During a construction project, it’s common to modify designs while a structure is being built. The ability to instantly transmit design alterations to construction managers and workers saves time and reduces opportunities for error because everybody can instantly access the same up-to-date documents rather than having to sort through multiple hard copies of revisions to figure out which one is valid.
The design process, too, is enhanced with newer tools. Design software widely in use today enables the creation of more precise plans with the ability to automate many repetitive actions. For example, designers can change the dimensions of all the windows in a building in just one step.
Virtual reality tools, which are just starting to gain traction in the design and construction industry, take accuracy a step further. They allow designers and even owners to experience what it will feel like to walk through a building before construction is complete. This produces several benefits. For the design team, it allows them to spot possible conflicts, such as having pipes too close to a wall in a wastewater treatment plant, which would allow plumbers no room to turn a wrench. Those design errors are easier to spot in a virtual 3-D rendering than in standard CAD design plans.
VR can also be a powerful marketing tool for owners, Kloster points out. “A condo developer can show prospective buyers what the building will look like months before it is completed,” he says. This would help the developer sell out the structure faster.
To get the most out of these tools, design firm CIOs face several challenges. First, they have to gain support for investing in more powerful computers—both in the back-end and for employees in the field who will need robust portable units. But the biggest issue, Kloster says, comes down to allocating time for designers to get training on the new technology. Architects and engineers have to account for their time in billable hours, and the firm can’t bill a client for new software training. One strategy Kloster says has been helpful is to create small teams of power users that try out new software and help to customize features that make it more useful and easier to use for others throughout the firm’s thirty locations.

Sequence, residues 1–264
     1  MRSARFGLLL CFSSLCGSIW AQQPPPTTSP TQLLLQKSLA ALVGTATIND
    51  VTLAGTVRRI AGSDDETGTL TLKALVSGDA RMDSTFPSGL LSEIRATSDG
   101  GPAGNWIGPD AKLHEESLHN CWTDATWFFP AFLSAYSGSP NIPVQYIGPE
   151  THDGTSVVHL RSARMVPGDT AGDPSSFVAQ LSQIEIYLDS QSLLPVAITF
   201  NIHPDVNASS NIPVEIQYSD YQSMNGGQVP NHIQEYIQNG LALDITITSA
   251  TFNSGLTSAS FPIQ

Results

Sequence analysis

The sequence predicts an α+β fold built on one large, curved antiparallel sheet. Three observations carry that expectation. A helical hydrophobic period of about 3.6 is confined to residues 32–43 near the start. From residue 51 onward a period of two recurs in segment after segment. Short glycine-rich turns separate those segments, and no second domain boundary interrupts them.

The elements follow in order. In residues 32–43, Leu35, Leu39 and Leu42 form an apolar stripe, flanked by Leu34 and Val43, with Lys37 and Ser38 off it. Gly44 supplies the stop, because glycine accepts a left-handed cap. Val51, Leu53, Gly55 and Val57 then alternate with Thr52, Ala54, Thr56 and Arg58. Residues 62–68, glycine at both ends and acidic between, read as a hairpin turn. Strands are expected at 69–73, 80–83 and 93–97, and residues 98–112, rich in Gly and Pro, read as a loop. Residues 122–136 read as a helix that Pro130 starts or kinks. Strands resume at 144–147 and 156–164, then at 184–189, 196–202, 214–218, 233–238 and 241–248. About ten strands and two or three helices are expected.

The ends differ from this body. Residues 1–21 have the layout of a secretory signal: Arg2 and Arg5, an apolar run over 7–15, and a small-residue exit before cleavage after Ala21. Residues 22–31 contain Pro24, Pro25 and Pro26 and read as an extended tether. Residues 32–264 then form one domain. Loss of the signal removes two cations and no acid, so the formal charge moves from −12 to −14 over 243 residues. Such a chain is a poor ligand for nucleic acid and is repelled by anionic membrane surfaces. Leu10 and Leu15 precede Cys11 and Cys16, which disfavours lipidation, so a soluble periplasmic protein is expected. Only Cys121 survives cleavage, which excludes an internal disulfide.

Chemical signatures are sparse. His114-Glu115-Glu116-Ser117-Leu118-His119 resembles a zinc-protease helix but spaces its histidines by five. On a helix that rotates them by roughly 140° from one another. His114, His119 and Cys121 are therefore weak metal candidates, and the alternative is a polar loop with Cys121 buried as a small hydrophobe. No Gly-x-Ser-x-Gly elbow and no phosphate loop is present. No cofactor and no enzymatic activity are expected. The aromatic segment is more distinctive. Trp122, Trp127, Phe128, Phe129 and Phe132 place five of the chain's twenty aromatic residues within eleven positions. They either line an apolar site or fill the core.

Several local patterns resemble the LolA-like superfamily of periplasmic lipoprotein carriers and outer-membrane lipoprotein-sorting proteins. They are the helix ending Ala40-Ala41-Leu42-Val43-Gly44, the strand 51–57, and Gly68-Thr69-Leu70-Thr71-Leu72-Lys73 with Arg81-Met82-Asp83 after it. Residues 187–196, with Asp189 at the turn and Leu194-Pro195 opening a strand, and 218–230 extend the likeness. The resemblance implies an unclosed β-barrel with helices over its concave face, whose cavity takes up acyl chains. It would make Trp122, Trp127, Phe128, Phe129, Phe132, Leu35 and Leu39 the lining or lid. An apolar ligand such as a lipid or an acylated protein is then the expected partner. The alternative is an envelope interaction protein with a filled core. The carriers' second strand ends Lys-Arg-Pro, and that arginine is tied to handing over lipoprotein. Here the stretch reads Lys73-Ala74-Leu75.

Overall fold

There may be an opportunity to turn something like VR creation into a profit center and make the investment in time to learn new skills worthwhile. A small team of VR specialists, for example, might be able to ply their work with real estate developers for marketing purposes, Kloster says.
How and when SEH adopts VR remains to be seen, but that and other IT advancements have made the position of CIO in the design and construction industry more important than ever. Kloster couldn’t be happier about that. He has the opportunity to make a difference in the firm and, at least in a small way, influence the evolution of his dad’s profession.
Short Elliott Hendrickson engineers, architects, planners and scientists facilitate projects of all sizes, from funding through planning, design and construction. Their firm uses Newforma Project Center to streamline the design and construction process, with less risk. If you are looking to organize and search across all email and data wherever it resides without ingesting it into one platform, collaborate and share data with all project members, bridge the divide between office and field or manage the project by visualizing project health or through tracking and logging project activity to mitigate risk, Newforma is worth look. Join a webinar or request a demo.
Panzura is the leader in hybrid cloud data management. Consolidate data and move to the cloud without sacrificing performance or rewriting applications.